Dennis Wedlick, AIA, is co-owner and founder of BarlisWedlick Architects. As part of the Hanley Wood Sustainability Council for 2014, he will co-lead the Vision 2020 initiative in Building Performance + Design.

Design and performance: Let’s talk about how the two exist in tandem. Your homes, such as the Hudson Passive Project, balance efficiency and elegance. How do you do that?

We put the client’s aspirations first and we don’t box them in by what building system or mechanical system they pursue. I think people appreciate our work because the projects have soul and that comes from working with the client to create a narrative based on the persona the project should express. Behind that, we pick the building system that can best adapt to the character and that’s how we tie performance and aesthetics.

What is your process when you talk about systems?

Every architect says, “Oh, we listen to our clients,” but that's not the same. We believe the way a home or building has character is by basing it on a narrative, whether that comes from a person, a community, or a committee. Let’s say the narrative for a home is to be historically correct. The architecture is driven by its historic context, and it may tell us we’re going to do something based on Greek revival. That limits our working palette. Then, we’ll bring in advanced building materials, ones that don’t change the aesthetics but enhance the efficiency. Behind that, we bring in structural systems that we also know will not change the aesthetics but will enhance the efficiencies. But we first start with the architecture.

How do you then determine how far you can push a home in terms of efficiency?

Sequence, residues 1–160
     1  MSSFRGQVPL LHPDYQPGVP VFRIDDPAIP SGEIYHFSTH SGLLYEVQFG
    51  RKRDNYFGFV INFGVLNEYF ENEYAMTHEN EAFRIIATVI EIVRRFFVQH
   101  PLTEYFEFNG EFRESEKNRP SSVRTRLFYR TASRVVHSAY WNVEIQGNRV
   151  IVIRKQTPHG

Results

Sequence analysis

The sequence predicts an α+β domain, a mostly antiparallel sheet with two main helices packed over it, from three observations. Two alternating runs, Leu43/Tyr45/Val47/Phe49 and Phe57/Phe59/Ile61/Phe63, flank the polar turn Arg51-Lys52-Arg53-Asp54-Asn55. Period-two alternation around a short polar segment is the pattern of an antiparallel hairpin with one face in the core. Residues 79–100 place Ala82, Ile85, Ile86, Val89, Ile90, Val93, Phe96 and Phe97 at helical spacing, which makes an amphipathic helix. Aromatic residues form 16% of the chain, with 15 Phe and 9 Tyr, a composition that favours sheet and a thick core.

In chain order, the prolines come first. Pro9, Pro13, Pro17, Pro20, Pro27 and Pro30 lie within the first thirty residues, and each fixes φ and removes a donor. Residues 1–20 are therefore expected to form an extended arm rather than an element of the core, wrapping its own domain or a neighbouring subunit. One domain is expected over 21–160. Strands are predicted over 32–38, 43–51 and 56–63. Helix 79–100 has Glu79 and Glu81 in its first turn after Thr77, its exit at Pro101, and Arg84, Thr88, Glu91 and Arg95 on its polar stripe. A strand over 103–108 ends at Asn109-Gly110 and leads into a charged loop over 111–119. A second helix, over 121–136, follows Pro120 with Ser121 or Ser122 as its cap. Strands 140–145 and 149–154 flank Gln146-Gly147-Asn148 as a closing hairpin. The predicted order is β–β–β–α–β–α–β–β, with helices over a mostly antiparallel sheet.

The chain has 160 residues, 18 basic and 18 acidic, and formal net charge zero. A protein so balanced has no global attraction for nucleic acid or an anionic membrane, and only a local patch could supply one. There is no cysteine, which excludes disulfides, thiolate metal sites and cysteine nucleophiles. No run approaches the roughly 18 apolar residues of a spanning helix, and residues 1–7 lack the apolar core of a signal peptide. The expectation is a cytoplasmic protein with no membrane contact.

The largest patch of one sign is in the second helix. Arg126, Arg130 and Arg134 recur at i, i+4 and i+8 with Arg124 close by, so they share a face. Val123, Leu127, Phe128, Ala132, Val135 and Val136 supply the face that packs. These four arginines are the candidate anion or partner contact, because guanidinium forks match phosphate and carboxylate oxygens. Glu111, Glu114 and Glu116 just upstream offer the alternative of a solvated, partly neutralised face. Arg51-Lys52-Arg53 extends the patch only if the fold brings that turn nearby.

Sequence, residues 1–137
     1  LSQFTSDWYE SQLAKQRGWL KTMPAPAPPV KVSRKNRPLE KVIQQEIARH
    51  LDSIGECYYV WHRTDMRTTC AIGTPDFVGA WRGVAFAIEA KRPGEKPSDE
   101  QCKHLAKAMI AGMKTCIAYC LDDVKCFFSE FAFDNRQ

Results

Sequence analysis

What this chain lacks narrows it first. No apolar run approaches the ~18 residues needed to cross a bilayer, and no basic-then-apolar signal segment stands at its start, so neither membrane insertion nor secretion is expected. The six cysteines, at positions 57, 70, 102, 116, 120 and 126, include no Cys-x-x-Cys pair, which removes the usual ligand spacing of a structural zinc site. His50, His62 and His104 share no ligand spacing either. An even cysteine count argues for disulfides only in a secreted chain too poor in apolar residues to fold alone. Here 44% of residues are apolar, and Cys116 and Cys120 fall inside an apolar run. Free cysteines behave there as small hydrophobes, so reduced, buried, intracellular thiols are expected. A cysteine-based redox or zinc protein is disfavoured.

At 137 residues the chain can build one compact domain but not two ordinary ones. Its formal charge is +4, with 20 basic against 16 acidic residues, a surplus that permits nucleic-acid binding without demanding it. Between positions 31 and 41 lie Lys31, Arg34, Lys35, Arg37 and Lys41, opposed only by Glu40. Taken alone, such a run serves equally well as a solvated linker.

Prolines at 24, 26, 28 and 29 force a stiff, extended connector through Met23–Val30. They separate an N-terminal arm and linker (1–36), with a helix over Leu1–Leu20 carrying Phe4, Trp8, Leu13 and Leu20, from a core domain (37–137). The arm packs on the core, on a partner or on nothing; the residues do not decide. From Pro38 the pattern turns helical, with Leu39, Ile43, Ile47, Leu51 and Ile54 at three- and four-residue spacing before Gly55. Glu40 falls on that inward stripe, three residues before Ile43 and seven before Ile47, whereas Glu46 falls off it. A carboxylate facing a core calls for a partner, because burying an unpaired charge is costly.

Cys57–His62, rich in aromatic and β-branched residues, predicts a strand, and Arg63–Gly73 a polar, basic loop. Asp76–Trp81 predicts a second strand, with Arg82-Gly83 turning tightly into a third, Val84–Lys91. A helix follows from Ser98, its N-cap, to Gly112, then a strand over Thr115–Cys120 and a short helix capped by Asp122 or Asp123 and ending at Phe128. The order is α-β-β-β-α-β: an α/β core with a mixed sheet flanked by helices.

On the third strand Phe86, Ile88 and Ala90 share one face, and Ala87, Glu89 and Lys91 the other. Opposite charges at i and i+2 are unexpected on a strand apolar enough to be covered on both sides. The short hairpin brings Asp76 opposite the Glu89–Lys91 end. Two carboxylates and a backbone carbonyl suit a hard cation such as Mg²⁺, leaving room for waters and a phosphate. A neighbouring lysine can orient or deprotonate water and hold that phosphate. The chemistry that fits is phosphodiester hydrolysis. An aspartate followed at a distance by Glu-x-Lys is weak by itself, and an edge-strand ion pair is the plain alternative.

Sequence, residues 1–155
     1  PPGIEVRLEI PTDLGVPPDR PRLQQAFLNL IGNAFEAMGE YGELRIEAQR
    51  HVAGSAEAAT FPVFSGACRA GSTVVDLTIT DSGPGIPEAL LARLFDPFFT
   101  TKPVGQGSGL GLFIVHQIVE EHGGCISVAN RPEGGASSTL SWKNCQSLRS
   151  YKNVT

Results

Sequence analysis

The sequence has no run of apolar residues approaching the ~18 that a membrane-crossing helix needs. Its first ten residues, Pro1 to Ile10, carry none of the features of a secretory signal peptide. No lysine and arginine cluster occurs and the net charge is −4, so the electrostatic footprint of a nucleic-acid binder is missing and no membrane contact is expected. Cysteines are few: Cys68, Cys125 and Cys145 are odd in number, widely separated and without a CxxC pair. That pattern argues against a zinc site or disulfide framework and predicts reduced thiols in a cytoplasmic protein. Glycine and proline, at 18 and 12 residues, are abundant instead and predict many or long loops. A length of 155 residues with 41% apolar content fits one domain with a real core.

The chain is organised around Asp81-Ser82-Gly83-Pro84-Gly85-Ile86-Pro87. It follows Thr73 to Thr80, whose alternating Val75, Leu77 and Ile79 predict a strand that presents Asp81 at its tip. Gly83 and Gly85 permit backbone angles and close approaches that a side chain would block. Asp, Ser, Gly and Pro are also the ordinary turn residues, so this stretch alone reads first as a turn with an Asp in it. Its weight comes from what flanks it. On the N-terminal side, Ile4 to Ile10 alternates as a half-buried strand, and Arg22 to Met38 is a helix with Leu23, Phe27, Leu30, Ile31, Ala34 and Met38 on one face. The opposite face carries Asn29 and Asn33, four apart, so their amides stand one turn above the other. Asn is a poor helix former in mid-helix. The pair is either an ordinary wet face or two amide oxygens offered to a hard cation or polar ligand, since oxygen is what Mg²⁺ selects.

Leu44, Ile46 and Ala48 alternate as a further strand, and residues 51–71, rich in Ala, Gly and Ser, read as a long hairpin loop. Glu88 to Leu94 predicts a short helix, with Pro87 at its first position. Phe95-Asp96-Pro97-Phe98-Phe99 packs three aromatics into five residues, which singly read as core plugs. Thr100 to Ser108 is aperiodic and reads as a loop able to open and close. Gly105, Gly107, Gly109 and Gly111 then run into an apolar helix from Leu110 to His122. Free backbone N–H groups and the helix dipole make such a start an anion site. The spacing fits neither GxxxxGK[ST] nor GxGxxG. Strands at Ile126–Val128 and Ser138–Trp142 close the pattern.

Some clients prioritize efficiency of the system. That’s how we can achieve maximum efficiency.

Do you anticipate those types of clients growing in the future?

They’re definitely growing. Think about where the word "green" now comes up in conversation. Twenty years ago, it was never. Then, 10 years ago, it was after everything was discussed, after a three-hour meeting on the way out the door, they’d say, “Oh, and make it green.” About five years ago, it came up in the middle of the conversation. Now, it’s getting closer to the front of the conversation, and that’s a really big difference.

It’s not a new thing that people are asking for, but green used to be a tag line that was delivered as an afterthought or out of guilt. When it’s done that way, you know it’s not a priority and that put limitations on what performance we could achieve for two reasons. First, as a tagline, it meant aesthetics were really driving the bus. Second, we didn’t have the science and materials to push the envelope like we do now. I have more ways of making things more efficient now without people even being aware of it. So even whenclients dont' ask for it toward the beginningof the conversation, I can do more.

With that in mind, how far do you think we can push designers, architects, and builders?

My hope is that with the advances in building systems and materials, designers could just not worry about it. I see the potential advances in building materials and building science as a way for architecture for be free from limitations in order to improve efficiency.

Architects will need to rely on building scientists more than on structural and mechanical engineers. That’s a sea change. As architects, we’ve always had team members and consultants. We just didn’t have building scientists joining us. It’s a relatively young and growing field because now building scientists have software and data that wasn’t available in the past.